They also presented another petition to the House of Commons,
who ordered it to be referred to the same committee to which the two
bills touching the Merchant Adventurers of England and their creditors
had already been committed. In support of this petition, or of their
prior petition to the Council, they filed affidavits by Mr. William
Johnson, Mr. George Dawson, Mr. Humphrey Pibus and Mr. Henry
Brabant, detailing, from the personal knowledge of those members,
the events and controversies which had taken place abroad since the
Council's former order in 1638.
The Committee of the House of Commons met on the 28th of
April, 1664, and the Newcastle Merchants had for their counsel before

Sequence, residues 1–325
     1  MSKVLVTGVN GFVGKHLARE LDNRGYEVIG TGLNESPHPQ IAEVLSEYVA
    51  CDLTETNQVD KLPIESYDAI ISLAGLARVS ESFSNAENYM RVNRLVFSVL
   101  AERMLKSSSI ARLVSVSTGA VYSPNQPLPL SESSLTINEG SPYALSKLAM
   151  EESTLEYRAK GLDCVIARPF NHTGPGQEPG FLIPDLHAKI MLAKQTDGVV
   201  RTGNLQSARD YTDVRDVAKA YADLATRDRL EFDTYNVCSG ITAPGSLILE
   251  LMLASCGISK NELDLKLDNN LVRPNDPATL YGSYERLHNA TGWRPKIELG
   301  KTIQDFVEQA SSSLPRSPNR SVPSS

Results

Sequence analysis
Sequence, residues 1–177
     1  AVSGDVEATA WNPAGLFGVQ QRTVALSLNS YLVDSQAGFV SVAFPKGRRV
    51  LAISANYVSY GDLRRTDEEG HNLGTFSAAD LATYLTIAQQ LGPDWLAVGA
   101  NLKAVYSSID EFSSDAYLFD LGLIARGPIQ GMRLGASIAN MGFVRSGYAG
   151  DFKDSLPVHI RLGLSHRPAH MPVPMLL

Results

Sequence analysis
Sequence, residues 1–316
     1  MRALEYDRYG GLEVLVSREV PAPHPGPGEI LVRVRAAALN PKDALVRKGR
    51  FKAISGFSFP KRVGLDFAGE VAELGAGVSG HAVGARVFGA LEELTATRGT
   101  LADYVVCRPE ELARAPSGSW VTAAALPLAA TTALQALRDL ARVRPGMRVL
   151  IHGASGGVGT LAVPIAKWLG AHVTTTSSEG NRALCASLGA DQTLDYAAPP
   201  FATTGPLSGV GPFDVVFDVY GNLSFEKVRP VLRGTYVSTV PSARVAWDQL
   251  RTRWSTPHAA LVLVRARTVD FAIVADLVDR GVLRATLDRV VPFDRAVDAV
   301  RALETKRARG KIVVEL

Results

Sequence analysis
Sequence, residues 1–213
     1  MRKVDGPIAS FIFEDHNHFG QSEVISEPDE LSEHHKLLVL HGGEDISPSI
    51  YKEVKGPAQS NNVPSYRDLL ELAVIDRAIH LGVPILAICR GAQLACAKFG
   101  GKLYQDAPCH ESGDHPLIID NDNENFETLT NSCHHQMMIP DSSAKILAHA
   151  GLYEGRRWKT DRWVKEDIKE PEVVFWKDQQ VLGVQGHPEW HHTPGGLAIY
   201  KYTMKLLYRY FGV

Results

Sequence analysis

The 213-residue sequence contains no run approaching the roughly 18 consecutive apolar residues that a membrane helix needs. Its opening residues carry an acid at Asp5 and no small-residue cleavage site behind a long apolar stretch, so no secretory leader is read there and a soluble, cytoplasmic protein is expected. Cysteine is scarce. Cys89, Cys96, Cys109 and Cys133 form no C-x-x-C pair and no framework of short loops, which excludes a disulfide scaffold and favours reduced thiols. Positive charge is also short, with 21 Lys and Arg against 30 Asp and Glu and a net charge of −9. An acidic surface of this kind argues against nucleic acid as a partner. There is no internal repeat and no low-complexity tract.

the Committee Sir William Scroggs (afterwai:ds Chief Justice of the
King's Bench), Mr. Turner and Mr. Oftley. The extracted records
1662, May 14. Proclamation permitting all woollen manufactures to be
exported to any place beyond seas, except Dort and Hamburgh, from May 20 to
December 25, on account of the great decay of trade, but not thereby lightly
esteeming or lessening the Merchant Adventurers' Patent. Calendar State
Papers, Domestic, 1661-2, p. 371.
1663, April 8. Proclamation revoking permission of May 14, 1662, because it
had not produced the desired effect, and restoring to the Merchant Adventurers
the sole licence to export vp^oollen goods to Germany, the United Provinces,
Calais, etc., but ordering admission to the Company to be free to all merchants
in London on payment of Â£13 6s. 8d. and in the out ports of Â£6 13s. 4d., and
enforcing prosecution of all who transgress the liberties of the Company.
Calendar State Papers, Domestic, 1663-4, p. 103.
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contain a detailed and interesting acconnt of the proceedings before